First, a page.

Today marks the tenth anniversary of the tragic end to the 51-day stand-off between the FBI and David Koresh and his Davidian cult in Waco, Texas.
A little after noon, smoke was seen in the compound and within 30 minutes, it was engulfed in flames. Nine Davidians escaped but 74 of them died, including 21 children.
Koresh, who travelled to the Mount Carmel compound in 1981 and went on to become the sect's leader, perished in the blaze.
A decade on some of the survivors remain at Mount Carmel to preach Koresh's message.
Others have spoken of the physical abuse they faced inside the compound at the hands of Koresh, and how he taught them to commit suicide.
"You didn't want to stick the gun to your temple because you might live. You wanted to stick it in your mouth and point up," said Kiri Jewell, 22, now a college student.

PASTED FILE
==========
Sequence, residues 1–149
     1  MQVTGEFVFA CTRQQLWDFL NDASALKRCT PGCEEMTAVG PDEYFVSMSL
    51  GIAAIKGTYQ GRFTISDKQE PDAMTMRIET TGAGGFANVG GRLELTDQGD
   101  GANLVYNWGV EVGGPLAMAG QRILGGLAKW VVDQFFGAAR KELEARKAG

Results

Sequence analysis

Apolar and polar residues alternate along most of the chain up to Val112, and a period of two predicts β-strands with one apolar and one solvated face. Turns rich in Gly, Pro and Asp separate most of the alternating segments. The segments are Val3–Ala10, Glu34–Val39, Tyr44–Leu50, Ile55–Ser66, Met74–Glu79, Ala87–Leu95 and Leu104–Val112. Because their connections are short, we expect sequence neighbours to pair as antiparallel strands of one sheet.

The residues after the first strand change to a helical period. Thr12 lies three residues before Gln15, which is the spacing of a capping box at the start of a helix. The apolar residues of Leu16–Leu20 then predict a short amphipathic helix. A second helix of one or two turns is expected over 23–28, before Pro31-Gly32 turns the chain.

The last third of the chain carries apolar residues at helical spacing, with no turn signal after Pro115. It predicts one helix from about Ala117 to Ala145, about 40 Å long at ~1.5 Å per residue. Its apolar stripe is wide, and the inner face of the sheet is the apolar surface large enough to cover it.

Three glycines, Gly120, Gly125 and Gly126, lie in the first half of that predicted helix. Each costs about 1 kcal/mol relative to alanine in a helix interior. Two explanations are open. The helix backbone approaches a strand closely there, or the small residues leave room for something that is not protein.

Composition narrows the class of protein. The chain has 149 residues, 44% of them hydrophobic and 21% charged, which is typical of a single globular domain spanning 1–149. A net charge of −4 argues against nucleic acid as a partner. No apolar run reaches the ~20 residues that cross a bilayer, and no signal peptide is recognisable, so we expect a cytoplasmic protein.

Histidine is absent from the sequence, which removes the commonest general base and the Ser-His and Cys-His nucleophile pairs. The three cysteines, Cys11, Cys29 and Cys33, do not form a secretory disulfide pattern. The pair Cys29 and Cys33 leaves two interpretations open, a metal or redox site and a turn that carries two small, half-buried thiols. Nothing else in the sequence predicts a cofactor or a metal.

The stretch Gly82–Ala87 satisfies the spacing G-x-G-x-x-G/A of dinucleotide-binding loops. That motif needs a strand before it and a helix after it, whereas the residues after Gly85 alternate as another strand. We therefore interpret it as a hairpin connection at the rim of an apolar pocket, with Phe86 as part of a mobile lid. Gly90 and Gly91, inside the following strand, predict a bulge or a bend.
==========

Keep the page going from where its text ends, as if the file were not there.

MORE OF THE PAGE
"He never was very specific but at some point, we were gonna have to die for him. I didn't expect to live past 12."
Jewell, who told a Congressional hearing in 1995 that Koresh had began having sex with her when she was ten, left the compound in 1992. Her mother died in the fire.
Some survivors remain in central Texas. The rest moved to other states with relatives or returned home to Canada and Australia. Despite his death, Koresh's message lives on in others, who stay at Mount Carmel and wait for his return.
A handful still follow his teachings and attend a weekly Bible study at a new chapel, built and paid for by volunteers and Davidians.
One of the six Davidians still in prison after being convicted in 1993 of manslaughter claims to be Koresh's successor.
However, in another chapel on the site, a small congregation follow another leader, who thinks that Koresh corrupted the original Davidian church's message.